Cryo-EM

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June 3, 2021
News Feature
From the invisible world of elementary particles to the mysteries of the cosmos, recipients of this prestigious award for early career scientists explore nature at every level.
Panofsky fellows
March 22, 2021
News Feature
Scientists have documented a process that makes these next-gen batteries lose charge – and eventually some of their capacity for storing energy – even when a device is turned off.
February 1, 2021
News Feature
Stanford EM-X brings hundreds of researchers around the world together to discuss the latest methods and discoveries from electron microscopes.
Black and white electron microscope images of pollen.
January 19, 2021
News Feature
G6PD deficiency affects about 400M people worldwide and can pose serious health risks. Uncovering the causes of the most severe cases could finally lead to treatments.
January 5, 2021
News Feature
External
Researchers at Stanford are working to develop a single-dose vaccine for SARS-CoV-2 that could potentially be stored at room temperature.
The ferritin nanoparticle, shown with red center and six blue spikes.
December 18, 2020
News Feature
The study, done on a mild-mannered relative of the virus that causes COVID-19, paves the way for seeing more clearly how spike proteins initiate infections, with an eye to preventing and treating them.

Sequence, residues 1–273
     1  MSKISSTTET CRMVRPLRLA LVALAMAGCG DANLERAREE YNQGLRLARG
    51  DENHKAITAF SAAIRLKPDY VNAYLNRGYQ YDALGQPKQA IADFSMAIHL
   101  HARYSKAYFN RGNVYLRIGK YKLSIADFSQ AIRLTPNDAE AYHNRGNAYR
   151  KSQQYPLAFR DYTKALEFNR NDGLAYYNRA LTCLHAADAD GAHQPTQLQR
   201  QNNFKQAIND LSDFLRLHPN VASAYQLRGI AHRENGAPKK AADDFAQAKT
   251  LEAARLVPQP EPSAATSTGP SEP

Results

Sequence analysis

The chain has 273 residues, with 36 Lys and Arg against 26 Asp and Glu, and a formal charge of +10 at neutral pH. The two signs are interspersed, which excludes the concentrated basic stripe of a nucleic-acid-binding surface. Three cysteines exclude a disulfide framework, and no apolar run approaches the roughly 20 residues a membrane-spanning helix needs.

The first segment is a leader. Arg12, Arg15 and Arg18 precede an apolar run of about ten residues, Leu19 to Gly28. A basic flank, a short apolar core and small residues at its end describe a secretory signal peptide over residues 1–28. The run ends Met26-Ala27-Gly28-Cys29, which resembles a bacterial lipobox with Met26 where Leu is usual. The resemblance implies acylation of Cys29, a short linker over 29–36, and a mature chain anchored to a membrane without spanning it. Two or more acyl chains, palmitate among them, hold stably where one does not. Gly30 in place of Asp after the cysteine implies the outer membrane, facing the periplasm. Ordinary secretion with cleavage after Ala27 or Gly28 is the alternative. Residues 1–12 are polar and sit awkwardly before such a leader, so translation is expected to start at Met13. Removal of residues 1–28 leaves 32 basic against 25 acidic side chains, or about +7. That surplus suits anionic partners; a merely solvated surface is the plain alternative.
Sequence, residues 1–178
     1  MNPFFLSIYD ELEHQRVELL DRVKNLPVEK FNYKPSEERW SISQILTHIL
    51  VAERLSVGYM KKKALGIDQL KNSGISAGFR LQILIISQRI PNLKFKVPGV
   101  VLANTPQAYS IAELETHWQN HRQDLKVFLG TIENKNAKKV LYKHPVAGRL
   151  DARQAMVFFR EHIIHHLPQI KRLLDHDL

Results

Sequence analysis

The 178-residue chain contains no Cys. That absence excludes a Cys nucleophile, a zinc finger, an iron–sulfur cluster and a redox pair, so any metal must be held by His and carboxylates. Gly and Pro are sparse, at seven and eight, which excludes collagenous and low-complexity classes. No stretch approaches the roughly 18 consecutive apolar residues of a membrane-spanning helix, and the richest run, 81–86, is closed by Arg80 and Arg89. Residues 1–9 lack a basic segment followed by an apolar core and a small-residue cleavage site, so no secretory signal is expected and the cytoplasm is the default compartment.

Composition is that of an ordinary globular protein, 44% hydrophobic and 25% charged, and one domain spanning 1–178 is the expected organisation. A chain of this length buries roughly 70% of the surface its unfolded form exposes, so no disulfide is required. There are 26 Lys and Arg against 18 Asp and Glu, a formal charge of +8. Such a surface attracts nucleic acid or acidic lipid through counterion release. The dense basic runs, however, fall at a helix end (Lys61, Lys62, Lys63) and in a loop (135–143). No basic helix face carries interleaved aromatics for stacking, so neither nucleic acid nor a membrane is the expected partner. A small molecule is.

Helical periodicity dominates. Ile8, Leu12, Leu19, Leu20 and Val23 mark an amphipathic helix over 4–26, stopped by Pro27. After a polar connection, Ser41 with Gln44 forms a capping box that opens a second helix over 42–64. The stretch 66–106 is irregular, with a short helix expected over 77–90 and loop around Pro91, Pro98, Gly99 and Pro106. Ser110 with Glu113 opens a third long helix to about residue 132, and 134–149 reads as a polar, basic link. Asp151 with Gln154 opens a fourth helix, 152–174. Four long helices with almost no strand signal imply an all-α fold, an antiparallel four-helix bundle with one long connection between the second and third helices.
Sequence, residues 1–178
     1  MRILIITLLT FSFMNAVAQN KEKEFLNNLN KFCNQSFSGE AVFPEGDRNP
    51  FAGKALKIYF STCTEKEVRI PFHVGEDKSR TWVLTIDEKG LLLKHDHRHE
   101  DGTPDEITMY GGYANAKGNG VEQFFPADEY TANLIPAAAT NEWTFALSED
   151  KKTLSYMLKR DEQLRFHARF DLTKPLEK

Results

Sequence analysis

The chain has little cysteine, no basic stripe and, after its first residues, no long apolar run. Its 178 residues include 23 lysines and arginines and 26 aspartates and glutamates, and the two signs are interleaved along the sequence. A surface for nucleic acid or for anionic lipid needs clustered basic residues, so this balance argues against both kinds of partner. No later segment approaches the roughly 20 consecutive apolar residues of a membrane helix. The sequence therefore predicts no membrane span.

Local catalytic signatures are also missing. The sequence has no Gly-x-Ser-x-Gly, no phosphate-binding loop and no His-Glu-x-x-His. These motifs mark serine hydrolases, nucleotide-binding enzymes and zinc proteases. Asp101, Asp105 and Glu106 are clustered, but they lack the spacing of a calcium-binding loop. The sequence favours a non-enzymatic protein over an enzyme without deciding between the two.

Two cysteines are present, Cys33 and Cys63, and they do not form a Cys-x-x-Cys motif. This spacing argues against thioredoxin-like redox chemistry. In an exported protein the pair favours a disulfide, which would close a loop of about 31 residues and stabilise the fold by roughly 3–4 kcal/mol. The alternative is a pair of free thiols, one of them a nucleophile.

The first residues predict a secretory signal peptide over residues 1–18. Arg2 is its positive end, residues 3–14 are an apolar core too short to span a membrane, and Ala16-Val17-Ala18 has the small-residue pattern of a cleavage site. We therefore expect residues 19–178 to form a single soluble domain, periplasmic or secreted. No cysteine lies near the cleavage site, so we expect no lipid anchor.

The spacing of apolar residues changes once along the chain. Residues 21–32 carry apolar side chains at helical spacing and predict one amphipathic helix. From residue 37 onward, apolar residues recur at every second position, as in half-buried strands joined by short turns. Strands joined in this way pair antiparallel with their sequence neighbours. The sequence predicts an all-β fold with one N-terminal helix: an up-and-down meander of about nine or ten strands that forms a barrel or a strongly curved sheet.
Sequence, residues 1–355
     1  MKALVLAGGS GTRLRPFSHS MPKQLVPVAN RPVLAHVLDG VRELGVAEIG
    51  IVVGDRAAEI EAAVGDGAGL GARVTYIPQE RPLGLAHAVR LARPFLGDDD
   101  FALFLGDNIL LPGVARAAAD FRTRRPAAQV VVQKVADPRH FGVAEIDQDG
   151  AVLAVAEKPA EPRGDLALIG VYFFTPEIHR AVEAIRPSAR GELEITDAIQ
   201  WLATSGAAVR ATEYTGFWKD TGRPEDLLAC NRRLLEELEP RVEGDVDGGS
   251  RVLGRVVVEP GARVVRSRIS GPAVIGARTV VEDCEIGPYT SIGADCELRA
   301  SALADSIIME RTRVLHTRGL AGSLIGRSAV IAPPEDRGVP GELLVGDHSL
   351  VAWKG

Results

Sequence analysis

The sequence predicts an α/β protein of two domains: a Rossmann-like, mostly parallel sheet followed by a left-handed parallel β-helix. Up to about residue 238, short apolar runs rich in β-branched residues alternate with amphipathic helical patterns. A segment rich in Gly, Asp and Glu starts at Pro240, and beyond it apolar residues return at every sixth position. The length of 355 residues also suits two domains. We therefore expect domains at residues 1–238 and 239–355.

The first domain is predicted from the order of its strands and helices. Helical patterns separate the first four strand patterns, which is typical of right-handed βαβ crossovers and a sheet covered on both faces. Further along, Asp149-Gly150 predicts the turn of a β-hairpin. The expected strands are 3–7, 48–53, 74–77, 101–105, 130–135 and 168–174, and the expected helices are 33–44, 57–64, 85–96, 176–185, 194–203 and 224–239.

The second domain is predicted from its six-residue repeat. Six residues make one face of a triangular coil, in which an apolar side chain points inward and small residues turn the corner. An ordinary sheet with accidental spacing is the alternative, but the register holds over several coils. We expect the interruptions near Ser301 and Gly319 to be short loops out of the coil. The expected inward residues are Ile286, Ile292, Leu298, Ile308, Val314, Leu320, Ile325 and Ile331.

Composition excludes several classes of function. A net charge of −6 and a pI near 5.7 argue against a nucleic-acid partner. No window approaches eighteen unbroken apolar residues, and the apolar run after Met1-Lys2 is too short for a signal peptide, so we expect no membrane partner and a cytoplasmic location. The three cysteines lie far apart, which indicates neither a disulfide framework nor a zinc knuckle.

Illustration of a coronavirus spike
December 14, 2020
News Feature
The lab’s X-ray laser recently joined other facilities in making remote science possible from any corner of the world, a trend that will likely continue into the future.
Remote experiments in the control room at LCLS
November 4, 2020
News Brief
The center complements other NIH centers at SLAC and elsewhere that broaden access to this cutting-edge technology for biomedical research.
Cryo-EM images of yeast cells with contents highlighted
October 16, 2020
News Feature
The annual conference for scientists who conduct research at SLAC’s light sources engaged more than 1,700 researchers in talks, workshops and discussions.
2020 SSRL/LCLS Users' Meeting
October 7, 2020
News Feature
No human cell can function without these tiny machines, which cause disease when they go haywire and offer potential targets for therapeutic drugs.
Illustration of molecular Ferris wheel moving protons

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